Violence is an epidemic that kills tens of thousands of Americans every year and injures millions more (Centers for Disease Control and Prevention, 2019). It devastates individuals, families, and communities, weaving a path of destruction that often perpetuates and multiplies due to its contagious nature. The World Health Organization (WHO) defines violence to include “neglect and all types of physical, sexual, and psychological abuse” . Violence is undoubtedly one of the most prominent public health issues of our time, and it is entirely preventable.
Trafficking in persons is a particular type of violence that is pervasive yet widely misunderstood. It affects every country, including the United States [United Nations, 2019]. In 2018 alone, there were 10,949 tips of human trafficking reported to the U.S. National Human Trafficking Hotline (NHTH), 2,378 of which involved children under the age of 18 [NHTH, 2019]. Keep in mind, these numbers represent only those cases that were reported to the NHTH. Unfortunately, due to many misconceptions about this issue, trafficked persons often go unnoticed.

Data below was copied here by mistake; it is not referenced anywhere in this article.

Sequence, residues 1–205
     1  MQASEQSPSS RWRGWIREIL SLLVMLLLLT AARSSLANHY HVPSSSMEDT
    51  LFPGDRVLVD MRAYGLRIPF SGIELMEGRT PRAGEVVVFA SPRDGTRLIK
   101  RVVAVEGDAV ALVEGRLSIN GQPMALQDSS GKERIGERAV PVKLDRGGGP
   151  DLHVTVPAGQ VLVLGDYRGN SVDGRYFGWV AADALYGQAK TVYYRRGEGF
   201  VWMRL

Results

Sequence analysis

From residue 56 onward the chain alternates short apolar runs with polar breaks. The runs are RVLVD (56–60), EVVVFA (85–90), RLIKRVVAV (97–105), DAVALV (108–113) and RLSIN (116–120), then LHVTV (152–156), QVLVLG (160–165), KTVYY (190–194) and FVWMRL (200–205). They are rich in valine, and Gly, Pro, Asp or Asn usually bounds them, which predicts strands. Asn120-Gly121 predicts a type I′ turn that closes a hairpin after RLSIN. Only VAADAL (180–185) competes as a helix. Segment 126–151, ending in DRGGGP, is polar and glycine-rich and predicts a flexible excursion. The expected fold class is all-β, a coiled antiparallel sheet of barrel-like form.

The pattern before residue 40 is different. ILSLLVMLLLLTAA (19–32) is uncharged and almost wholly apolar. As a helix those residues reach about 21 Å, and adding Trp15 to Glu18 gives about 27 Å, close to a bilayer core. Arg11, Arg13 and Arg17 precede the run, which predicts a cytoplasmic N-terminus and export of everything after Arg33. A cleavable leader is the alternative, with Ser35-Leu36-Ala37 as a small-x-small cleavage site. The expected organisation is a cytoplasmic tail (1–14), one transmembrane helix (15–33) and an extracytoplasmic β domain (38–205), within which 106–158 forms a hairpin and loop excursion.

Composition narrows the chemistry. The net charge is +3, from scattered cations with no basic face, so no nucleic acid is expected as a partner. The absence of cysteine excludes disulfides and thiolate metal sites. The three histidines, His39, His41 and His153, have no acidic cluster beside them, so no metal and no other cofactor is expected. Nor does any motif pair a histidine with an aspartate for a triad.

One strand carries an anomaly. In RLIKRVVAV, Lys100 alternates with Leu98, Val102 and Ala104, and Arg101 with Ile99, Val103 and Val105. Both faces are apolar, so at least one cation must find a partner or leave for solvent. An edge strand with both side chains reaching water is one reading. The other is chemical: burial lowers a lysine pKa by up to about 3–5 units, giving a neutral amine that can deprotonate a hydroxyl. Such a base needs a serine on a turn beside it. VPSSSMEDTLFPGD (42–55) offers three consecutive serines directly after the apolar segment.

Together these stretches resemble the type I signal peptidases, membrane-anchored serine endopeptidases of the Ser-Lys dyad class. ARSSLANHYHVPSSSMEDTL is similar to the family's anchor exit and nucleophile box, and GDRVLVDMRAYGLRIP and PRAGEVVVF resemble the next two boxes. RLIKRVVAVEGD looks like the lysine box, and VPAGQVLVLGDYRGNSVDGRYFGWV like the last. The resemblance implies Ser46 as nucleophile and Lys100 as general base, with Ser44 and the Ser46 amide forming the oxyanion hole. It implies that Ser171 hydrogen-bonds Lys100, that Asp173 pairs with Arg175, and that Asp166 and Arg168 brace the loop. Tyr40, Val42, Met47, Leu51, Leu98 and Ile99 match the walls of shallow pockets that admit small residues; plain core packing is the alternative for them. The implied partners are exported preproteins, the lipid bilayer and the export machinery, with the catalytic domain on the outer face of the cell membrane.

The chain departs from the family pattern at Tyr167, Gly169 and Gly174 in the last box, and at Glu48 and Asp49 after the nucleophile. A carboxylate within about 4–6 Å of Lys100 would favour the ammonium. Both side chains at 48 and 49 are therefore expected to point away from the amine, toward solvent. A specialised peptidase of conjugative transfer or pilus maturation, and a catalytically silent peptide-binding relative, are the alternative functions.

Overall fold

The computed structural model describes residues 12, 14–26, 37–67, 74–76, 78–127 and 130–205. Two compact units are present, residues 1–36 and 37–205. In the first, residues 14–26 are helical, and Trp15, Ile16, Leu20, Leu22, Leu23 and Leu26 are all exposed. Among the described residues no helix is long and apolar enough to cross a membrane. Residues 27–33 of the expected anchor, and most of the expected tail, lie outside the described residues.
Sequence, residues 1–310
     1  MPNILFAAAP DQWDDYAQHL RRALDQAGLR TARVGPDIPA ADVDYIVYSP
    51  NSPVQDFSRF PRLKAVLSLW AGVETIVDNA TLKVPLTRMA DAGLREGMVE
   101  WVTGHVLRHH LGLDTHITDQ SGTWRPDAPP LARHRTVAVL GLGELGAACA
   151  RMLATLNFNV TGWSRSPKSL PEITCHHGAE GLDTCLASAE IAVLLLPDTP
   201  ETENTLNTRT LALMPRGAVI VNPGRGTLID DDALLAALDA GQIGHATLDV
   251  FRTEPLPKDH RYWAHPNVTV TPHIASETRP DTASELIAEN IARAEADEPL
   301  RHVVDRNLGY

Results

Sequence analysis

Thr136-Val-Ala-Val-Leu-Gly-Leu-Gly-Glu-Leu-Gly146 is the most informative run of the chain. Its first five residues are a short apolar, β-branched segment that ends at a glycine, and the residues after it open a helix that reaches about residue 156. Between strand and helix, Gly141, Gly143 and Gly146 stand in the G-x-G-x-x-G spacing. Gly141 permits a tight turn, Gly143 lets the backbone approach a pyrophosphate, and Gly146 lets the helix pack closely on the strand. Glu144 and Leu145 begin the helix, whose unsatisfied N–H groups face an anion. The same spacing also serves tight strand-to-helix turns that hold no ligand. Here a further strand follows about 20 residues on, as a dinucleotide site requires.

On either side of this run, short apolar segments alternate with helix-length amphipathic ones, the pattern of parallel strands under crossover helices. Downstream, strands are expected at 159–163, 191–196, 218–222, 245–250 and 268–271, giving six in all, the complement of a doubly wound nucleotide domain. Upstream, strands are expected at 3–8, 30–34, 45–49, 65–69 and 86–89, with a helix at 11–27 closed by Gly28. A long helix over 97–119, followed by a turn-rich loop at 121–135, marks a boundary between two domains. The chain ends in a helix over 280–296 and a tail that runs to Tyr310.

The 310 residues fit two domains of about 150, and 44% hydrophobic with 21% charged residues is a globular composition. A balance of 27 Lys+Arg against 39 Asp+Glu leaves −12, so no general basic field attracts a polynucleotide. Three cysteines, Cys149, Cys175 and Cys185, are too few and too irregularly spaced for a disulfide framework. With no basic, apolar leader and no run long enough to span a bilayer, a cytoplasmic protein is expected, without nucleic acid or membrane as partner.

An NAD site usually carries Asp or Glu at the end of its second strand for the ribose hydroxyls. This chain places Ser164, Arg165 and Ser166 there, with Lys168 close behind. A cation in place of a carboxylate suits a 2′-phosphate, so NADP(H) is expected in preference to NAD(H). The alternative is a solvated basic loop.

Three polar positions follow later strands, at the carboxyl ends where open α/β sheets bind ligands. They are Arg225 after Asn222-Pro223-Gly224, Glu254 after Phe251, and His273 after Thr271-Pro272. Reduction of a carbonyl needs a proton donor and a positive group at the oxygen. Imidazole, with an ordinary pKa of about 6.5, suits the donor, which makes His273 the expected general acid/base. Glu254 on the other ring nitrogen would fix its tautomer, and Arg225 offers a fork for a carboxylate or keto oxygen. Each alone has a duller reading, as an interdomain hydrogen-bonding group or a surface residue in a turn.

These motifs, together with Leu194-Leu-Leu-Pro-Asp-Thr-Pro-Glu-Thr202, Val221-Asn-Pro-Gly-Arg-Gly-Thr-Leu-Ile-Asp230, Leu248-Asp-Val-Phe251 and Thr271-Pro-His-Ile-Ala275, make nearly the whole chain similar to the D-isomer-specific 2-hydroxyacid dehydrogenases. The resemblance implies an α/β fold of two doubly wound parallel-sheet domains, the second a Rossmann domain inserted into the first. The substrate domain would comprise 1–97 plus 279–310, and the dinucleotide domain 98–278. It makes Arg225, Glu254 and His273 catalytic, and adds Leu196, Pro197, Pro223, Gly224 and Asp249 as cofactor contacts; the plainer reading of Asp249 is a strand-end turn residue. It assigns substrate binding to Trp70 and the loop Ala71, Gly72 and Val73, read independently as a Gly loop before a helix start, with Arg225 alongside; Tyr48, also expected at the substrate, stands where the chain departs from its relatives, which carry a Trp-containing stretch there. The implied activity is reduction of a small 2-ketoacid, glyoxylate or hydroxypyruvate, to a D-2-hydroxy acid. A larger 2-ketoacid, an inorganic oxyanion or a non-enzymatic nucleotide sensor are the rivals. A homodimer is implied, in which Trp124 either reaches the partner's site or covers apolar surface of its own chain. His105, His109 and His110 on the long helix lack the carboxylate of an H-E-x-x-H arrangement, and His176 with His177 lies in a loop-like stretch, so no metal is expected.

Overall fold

A 2014 study published in the Annals of Health Law found that nearly 88% of sex trafficking survivors had contact with health care while being exploited [Lederer and Wetzel, 2014]. A 2017 survey from the Coalition to Abolish Slavery & Trafficking (Cast) found that over half of labor and sex trafficking survivors had accessed health care at least once while being trafficked. Nearly 97% of that group indicated they had received no information about human trafficking or related victim services during those encounters [Cast, 2017]. These studies underscore the reality that health care professionals are too often unprepared to identify and assist trafficked persons.
Every day, health care systems treat patients who face multiple issues of violence, including human trafficking. While a community may have resources to address various forms of violence (e.g., victim advocacy and support, emergency shelter and services, peer support and survivor mentors, etc.), all too often health care professionals may not be aware of or connected with such resources, leaving them unequipped to appropriately respond to patients who may be experiencing abuse, neglect, or violence. This gap leaves the patient and provider vulnerable to ongoing trauma, as providers who feel unequipped to connect victims with community-based violence response resources may also feel a sense of helplessness and hopelessness.